×

Uh-oh, it looks like your Internet Explorer is out of date.

For a better shopping experience, please upgrade now.

Cheech Is Not My Real Name: ...But Don't Call Me Chong
     

Cheech Is Not My Real Name: ...But Don't Call Me Chong

4.0 1
by Cheech Marin
 

See All Formats & Editions


The long-awaited memoir from a counterculture legend.

Cheech Marin came of age at an interesting time in America and became a self-made counterculture legend with his other half, Tommy Chong. This insightful memoir delves into how Cheech dodged the draft, formed one of the most successful comedy duos of all time, became the face of the recreational drug

Overview


The long-awaited memoir from a counterculture legend.

Cheech Marin came of age at an interesting time in America and became a self-made counterculture legend with his other half, Tommy Chong. This insightful memoir delves into how Cheech dodged the draft, formed one of the most successful comedy duos of all time, became the face of the recreational drug movement with the film Up in Smoke, forged a successful solo career with roles in The Lion King and, more recently, Jane the Virgin, and became the owner of the most renowned collection of Chicano art in the world.

Written in Cheech's uniquely hilarious voice, this memoir will take you to new highs.

Editorial Reviews

Publishers Weekly
12/12/2016
The comedy duo Cheech and Chong defined “stoner humor” in a series of wildly successful LPs in the early 1970s—and later in equally popular low-budget films—with jokes based on “observing this hippie revolution that was going on all around us,” as first-time author Marin describes in this enjoyable and insightful autobiography. “We didn’t become hippies,” he writes. “We were hippies.” And though their comedy was often lowbrow, Marin’s descriptions of how the duo perfected their act in a range of venues, from their early days in Vancouver (where they met) to countless sets in the famed Troubadour club in Hollywood, makes a strong argument that behind the stoner facade were two seasoned entertainers who, when improvising, “were like jazz musicians.” But the Cheech and Chong team is only half of Marin’s story. After an honest description of the duo’s break-up (“I didn’t necessarily want to be in control. I just didn’t want to be controlled”), Marin describes the development of his solo success as an actor in films such as Tin Cup and Machete. Bookended by looks at his youth growing up poor in South Central Los Angeles and his development as a now well-known collector of Chicago art, this memoir is fun, wacky look inside Marin’s imagination. (Mar.)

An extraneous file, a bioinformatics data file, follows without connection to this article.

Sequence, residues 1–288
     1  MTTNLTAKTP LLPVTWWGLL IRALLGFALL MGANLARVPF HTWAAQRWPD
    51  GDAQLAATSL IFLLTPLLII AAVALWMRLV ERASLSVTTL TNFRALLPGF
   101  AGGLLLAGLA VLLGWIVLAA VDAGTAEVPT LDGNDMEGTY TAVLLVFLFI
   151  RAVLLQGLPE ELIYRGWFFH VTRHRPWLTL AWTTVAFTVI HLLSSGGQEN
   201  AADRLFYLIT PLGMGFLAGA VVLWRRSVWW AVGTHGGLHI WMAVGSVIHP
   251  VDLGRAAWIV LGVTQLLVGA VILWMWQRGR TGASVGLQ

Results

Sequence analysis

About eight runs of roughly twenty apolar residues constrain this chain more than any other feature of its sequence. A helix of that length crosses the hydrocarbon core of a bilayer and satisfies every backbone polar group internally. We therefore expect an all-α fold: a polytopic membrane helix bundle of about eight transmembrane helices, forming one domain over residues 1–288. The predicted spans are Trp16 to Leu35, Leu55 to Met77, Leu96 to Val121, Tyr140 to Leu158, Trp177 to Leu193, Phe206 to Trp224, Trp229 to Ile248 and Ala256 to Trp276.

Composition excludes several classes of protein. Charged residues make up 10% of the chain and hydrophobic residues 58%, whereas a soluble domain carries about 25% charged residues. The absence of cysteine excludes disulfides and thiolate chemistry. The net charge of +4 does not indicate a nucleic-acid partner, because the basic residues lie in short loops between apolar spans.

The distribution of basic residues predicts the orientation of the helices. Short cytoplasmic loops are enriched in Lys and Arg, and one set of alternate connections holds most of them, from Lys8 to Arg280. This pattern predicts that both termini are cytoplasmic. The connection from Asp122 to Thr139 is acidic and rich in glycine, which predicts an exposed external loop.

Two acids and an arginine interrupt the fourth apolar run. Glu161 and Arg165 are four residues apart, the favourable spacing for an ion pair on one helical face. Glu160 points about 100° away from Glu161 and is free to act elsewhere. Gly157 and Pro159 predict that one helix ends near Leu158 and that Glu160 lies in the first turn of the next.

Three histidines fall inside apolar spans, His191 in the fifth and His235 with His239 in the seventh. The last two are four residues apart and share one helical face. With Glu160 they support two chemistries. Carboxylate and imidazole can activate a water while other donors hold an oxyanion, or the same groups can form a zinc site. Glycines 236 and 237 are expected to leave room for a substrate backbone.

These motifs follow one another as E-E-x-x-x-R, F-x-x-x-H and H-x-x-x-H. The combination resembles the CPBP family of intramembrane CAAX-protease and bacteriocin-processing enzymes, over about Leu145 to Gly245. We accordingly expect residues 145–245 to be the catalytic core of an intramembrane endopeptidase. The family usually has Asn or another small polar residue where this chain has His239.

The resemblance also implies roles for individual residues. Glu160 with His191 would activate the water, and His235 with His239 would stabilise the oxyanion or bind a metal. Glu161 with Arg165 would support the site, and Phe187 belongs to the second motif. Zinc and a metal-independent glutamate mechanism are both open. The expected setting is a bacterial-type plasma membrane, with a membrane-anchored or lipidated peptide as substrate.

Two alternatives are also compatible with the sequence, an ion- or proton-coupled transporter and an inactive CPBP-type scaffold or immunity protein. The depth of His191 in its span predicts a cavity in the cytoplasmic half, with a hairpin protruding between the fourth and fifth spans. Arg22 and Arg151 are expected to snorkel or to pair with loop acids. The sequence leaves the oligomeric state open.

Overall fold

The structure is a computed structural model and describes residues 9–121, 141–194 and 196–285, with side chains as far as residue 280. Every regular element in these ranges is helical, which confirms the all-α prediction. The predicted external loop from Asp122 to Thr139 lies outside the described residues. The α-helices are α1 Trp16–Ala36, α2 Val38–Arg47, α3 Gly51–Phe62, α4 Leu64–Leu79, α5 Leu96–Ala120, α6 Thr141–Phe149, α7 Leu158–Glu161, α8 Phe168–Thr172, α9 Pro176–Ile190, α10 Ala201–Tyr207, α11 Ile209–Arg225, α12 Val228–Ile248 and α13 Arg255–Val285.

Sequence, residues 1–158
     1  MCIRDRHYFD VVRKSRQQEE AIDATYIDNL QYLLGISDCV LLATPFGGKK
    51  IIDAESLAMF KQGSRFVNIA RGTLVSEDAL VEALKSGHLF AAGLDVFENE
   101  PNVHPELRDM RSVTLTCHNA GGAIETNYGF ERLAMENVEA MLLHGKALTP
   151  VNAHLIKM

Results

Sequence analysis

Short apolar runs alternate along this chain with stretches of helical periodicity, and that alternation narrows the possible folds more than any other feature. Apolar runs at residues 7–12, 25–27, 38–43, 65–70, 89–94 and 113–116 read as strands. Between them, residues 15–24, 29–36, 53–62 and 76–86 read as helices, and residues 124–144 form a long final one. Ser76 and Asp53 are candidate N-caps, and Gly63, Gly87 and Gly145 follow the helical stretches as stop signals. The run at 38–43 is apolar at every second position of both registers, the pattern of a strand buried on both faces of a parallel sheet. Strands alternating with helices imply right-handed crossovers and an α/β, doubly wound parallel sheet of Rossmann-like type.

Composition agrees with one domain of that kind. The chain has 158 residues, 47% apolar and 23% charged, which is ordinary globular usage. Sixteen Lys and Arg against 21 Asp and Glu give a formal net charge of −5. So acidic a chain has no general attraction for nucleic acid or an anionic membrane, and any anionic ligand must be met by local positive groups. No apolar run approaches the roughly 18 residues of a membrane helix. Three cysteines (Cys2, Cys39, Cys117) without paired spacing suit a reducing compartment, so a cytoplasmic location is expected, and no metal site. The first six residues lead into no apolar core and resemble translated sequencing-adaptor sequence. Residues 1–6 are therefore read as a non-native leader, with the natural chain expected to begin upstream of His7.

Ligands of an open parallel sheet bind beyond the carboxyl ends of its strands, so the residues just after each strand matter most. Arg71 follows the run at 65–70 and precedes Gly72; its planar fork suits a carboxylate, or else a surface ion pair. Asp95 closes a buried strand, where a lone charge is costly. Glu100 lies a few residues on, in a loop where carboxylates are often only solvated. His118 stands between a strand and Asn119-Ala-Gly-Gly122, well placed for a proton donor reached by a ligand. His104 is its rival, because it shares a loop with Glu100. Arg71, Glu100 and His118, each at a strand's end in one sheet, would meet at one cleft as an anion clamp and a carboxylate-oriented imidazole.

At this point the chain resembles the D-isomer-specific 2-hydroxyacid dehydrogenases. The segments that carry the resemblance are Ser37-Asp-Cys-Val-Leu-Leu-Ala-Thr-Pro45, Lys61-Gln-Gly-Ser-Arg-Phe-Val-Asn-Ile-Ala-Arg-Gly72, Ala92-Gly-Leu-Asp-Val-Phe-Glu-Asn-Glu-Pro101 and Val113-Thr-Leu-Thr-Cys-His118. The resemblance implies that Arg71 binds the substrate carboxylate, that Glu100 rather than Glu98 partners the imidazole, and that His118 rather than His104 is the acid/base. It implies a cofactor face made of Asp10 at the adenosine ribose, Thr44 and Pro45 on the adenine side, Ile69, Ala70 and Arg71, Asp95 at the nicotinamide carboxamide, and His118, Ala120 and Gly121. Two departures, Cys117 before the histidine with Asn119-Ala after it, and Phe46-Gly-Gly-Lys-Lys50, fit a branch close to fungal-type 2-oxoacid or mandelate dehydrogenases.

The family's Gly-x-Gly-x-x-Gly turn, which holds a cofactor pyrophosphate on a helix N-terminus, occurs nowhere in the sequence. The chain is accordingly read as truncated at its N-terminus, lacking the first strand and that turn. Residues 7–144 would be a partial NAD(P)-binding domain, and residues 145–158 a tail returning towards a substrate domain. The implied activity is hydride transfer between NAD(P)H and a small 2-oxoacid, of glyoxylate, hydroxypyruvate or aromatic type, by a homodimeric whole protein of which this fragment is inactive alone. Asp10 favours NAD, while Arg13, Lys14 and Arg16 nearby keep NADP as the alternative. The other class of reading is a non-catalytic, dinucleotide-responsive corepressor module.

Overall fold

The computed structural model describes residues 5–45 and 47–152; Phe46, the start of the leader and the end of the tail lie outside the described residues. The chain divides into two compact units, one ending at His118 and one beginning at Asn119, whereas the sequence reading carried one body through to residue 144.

Kirkus Reviews
2017-02-06
The straight dope from Cheech.Marin, half of the storied stoner comedy team Cheech and Chong, recounts his life and career with this slight, genial memoir. The son of a hard-nosed cop, Richard "Cheech" Marin (b. 1946) spent his early life in East Los Angeles' violent ghetto on the straight and narrow, earning good grades and serving as an altar boy. The Vietnam War changed everything, as Marin turned in his draft card and decamped for Canada, where he met local musician and scenester Tommy Chong and joined his improvisational comedy troupe. "I had turned in my draft card," he writes, "philosophically denying the government's authority over me and at the same time choosing to go to Canada to pursue my artistic calling as a potter. It was a philosophical two-fer." Marin and Chong hit it off, and their loose, rambling, pot-inflected comedy bits quickly made them a sensation, leading to lucrative tours, albums, and movies before the buzz wore off and the pair split in the mid-1980s. Marin is diplomatic about his clashes with Chong, who comes off here as aggressive and insecure about credit, leavening all complaints with affirmations of Chong's singular, charismatic talent. Mellow in his recollections to a fault, the author acknowledges his fondness for marijuana, but he does not offer salacious, drug-fueled anecdotes or other tales of wild, countercultural bad behavior. Instead, he focuses on the duo's creative process, warm family memories, post-Cheech and Chong collaborations with Robert Rodriguez and Pixar, and the creation of his personal film Born in East LA (1987). Droll and affable rather than outrageous and subversive, Marin is pleasant company, but general readers may wish for less data on the author's Chicano art collection and more hysterical, hairy tales of '70s-era excess. A mildly diverting, modestly charming memoir from a surprisingly multifaceted showbiz survivor.

Product Details

ISBN-13:
9781455592340
Publisher:
Grand Central Publishing
Publication date:
03/14/2017
Pages:
272
Sales rank:
65,181
Product dimensions:
6.10(w) x 8.70(h) x 1.00(d)

Meet the Author

Cheech Marin is an actor, director, comedian, author, musician and Chicano art collector. He's also half of a comedy duo called Cheech and Chong, man.

Customer Reviews

Average Review:

Post to your social network

     

Most Helpful Customer Reviews

See all customer reviews

Cheech Is Not My Real Name: ...But Don't Call Me Chong 4 out of 5 based on 0 ratings. 1 reviews.
Anonymous 5 months ago
I've never been a stoner but I saw enough in college to think Cheech & Chong were hilarious. They weren't just hilarious they had a keen eye for observation and commentary on society. Silly Dickens or Tom Wolff? This book is very enjoyable, Cheech has a very good and funny way of telling the story. He is very gracious towards the people he talks about. Born in East LA is one of the funniest movies ever with a true and fair message. "Jesus, no te pareces su retrato!" Line still makes me laugh after all these years. Only problem is now I'm homesick for all my friends and the people where I lived in Chua Vista, CA, 11 minutes from the Mexico border. I'm not brown, but those are my people.